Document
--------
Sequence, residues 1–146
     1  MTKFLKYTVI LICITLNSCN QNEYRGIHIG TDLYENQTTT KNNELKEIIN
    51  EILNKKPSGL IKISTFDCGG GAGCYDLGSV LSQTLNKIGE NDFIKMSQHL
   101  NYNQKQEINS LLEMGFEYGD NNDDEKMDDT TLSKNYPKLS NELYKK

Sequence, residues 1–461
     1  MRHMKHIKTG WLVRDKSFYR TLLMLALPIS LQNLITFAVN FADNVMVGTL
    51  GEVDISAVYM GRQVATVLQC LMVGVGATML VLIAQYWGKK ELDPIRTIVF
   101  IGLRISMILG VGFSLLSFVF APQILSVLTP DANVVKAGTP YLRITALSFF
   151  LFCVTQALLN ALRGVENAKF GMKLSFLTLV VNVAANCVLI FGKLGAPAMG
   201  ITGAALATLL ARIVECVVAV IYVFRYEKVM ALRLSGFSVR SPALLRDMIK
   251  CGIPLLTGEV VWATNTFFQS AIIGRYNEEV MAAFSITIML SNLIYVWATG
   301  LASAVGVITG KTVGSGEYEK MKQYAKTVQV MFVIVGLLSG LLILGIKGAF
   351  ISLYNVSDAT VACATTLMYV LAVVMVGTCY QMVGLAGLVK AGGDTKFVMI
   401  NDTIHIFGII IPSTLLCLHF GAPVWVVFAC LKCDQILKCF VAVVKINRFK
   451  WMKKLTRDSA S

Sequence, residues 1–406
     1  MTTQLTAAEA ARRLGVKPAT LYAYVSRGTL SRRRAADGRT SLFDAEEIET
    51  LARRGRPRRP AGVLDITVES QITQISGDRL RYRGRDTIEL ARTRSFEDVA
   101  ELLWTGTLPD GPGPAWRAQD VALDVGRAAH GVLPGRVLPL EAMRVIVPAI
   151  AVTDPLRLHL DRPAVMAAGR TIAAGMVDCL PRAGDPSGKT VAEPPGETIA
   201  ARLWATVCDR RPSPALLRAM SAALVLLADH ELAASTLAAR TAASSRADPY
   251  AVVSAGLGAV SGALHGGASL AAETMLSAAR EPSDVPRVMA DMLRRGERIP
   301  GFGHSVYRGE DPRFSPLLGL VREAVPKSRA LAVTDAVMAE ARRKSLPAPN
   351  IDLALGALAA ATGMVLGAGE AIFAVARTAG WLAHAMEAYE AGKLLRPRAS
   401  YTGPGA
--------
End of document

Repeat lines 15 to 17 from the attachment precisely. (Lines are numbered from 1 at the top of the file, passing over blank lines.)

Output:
   451  WMKKLTRDSA S

Sequence, residues 1–406
     1  MTTQLTAAEA ARRLGVKPAT LYAYVSRGTL SRRRAADGRT SLFDAEEIET